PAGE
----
Abruptly, his reverie was broken:
“But, hark! there is the whistle of the locomotive, — the long shriek, harsh above all other harshness, for the space of a mile cannot mollify it into harmony. It tells a story of busy men, citizens from the hot street, who have come to spend a day in a country village, — men of business, — in short, of all unquietness; and no wonder that it gives such a startling shriek, since it brings the noisy world into the midst of our slumbrous peace.”
Leo Marx opens The Machine in the Garden, his classic 1964 study of technology’s influence on American culture, with a recounting of Hawthorne’s morning in Sleepy Hollow. The writer’s real subject, Marx argues, is “the landscape of the psyche” and in particular “the contrast between two conditions of consciousness.” The quiet clearing in the woods provides the solitary thinker with “a singular insulation from disturbance,” a protected space for reflection. The clamorous arrival of the train, with its load of “busy men,” brings “the psychic dissonance associated with the onset of industrialism.” The contemplative mind is overwhelmed by the noisy world’s mechanical busyness.
The stress that Google and other Internet companies place on the efficiency of information exchange as the key to intellectual progress is nothing new. It’s been, at least since the start of the Industrial Revolution, a common theme in the history of the mind. It provides a strong and continuing counterpoint to the very different view, promulgated by the American transcendentalists as well as the earlier English romantics, that true enlightenment comes only through contemplation and introspection. The tension between the two perspectives is one manifestation of the broader conflict between, in Marx’s terms, “the machine” and “the garden” — the industrial ideal and the pastoral ideal — that has played such an important role in shaping modern society.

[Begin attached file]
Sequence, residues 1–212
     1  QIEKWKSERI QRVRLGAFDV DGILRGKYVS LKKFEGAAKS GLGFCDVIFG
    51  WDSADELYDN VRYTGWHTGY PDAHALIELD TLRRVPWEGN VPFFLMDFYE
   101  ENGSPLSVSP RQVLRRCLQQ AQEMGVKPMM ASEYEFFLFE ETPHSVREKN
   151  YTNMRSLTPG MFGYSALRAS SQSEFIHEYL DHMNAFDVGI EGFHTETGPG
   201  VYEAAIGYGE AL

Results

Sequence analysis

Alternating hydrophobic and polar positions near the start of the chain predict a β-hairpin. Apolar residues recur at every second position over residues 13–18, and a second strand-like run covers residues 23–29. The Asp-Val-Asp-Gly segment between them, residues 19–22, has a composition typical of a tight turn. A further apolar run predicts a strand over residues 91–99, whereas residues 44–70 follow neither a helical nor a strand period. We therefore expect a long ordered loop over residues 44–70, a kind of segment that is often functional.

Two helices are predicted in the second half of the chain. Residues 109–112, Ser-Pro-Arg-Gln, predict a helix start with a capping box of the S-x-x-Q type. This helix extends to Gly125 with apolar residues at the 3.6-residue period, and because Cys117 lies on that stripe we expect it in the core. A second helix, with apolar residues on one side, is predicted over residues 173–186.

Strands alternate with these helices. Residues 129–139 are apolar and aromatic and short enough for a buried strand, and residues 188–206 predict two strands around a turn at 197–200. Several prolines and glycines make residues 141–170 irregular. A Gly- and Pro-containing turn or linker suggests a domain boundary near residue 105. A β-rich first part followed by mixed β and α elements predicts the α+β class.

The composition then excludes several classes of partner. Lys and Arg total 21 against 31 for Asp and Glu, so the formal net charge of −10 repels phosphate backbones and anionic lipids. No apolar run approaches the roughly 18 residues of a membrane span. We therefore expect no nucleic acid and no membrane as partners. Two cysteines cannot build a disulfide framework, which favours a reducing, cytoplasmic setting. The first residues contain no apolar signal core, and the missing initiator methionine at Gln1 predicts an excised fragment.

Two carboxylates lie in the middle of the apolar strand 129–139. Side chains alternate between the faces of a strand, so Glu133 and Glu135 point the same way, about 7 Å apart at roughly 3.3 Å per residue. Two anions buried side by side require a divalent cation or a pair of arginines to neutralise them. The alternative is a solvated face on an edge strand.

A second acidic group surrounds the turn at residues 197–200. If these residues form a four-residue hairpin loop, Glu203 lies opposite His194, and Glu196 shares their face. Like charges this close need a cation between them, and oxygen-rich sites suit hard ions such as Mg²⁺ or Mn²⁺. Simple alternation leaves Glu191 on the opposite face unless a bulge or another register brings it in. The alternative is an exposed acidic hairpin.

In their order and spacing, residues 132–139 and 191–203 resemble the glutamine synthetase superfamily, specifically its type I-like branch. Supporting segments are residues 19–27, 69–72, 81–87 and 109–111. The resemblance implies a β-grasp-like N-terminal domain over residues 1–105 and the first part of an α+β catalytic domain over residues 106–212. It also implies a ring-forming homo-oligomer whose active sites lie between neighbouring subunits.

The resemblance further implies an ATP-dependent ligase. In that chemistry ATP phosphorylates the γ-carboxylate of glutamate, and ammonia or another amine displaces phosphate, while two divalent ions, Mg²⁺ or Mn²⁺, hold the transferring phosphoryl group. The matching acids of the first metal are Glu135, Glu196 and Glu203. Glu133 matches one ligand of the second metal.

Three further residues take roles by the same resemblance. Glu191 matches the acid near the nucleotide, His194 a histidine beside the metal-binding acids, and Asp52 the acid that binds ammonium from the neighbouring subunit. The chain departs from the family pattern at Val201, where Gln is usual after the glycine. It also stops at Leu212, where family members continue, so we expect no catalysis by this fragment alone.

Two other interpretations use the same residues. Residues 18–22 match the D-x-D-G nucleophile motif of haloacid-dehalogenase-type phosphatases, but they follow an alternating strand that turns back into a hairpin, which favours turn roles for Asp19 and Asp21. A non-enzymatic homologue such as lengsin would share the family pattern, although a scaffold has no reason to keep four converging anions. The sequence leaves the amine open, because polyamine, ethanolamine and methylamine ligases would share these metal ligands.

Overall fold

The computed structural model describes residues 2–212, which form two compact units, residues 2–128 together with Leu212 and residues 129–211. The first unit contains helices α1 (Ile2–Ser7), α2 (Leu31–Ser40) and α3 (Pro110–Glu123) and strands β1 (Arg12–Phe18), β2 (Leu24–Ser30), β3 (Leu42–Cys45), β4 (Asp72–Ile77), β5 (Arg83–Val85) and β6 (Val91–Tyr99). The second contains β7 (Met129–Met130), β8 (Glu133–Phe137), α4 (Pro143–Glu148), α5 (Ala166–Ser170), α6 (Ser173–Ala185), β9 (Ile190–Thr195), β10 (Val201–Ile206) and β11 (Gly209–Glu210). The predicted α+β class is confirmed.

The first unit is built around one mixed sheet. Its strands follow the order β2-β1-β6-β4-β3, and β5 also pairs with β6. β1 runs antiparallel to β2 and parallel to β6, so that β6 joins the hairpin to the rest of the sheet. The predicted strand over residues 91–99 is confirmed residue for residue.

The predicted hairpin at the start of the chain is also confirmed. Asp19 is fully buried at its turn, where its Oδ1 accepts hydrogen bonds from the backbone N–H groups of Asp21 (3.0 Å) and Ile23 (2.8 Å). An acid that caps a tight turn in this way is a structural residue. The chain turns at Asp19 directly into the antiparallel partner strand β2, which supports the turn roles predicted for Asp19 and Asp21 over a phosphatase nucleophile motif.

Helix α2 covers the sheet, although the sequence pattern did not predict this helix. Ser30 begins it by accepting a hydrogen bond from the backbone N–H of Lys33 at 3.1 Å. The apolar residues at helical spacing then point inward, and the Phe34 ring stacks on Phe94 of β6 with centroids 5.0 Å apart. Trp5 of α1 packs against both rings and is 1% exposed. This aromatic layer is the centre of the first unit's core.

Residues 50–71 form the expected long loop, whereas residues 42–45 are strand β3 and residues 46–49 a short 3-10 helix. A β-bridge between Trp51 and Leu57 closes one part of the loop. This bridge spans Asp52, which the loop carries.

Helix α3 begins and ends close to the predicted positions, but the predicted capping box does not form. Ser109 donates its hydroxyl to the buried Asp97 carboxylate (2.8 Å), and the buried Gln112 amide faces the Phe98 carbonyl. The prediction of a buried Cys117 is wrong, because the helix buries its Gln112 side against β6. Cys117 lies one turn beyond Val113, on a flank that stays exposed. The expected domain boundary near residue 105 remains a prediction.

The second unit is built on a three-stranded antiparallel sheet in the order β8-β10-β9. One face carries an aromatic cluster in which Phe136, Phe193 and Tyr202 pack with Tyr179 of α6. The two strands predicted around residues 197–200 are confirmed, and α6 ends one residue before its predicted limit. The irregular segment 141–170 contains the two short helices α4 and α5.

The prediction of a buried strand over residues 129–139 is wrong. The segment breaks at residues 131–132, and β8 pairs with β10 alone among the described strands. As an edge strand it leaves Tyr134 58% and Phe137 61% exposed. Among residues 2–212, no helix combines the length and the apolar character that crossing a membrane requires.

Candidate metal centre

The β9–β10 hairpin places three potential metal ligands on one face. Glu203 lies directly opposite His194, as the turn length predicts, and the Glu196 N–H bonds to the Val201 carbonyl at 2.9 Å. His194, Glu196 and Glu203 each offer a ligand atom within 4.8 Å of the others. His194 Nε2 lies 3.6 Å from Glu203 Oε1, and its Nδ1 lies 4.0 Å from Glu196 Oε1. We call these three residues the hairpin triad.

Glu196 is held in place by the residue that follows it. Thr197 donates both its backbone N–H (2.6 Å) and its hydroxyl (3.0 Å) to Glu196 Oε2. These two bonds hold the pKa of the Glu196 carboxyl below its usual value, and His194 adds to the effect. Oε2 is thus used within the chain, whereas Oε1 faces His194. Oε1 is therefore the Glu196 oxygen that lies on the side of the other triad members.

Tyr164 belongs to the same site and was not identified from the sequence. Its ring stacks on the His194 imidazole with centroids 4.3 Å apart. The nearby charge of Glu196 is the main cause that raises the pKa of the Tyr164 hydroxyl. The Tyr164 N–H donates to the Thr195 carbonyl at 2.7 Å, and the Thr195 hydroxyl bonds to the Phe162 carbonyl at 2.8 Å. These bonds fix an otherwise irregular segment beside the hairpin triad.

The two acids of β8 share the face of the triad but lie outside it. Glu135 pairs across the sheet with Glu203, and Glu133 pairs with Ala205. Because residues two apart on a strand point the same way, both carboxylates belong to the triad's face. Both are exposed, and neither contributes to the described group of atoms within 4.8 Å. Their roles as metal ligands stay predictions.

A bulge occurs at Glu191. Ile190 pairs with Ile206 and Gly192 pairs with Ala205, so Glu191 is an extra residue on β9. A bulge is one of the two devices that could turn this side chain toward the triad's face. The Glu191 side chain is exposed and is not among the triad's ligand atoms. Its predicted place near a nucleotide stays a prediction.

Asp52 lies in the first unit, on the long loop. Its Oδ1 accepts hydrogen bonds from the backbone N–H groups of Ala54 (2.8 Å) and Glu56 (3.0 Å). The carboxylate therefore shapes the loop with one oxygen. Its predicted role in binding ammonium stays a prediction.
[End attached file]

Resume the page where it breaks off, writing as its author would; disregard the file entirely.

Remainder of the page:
When carried into the realm of the intellect, the industrial ideal of efficiency poses, as Hawthorne understood, a potentially mortal threat to the pastoral ideal of contemplative thought. That doesn’t mean that promoting the rapid discovery and retrieval of information is bad. It’s not. The development of a well-rounded mind requires both an ability to find and quickly parse a wide range of information and a capacity for open-ended reflection. There needs to be time for efficient data collection and time for inefficient contemplation, time to operate the machine and time to sit idly in the garden. We need to work in Google’s “world of numbers,” but we also need to be able to retreat to Sleepy Hollow. The problem today is that we’re losing our ability to strike a balance between those two very different states of mind. Mentally, we’re in perpetual locomotion.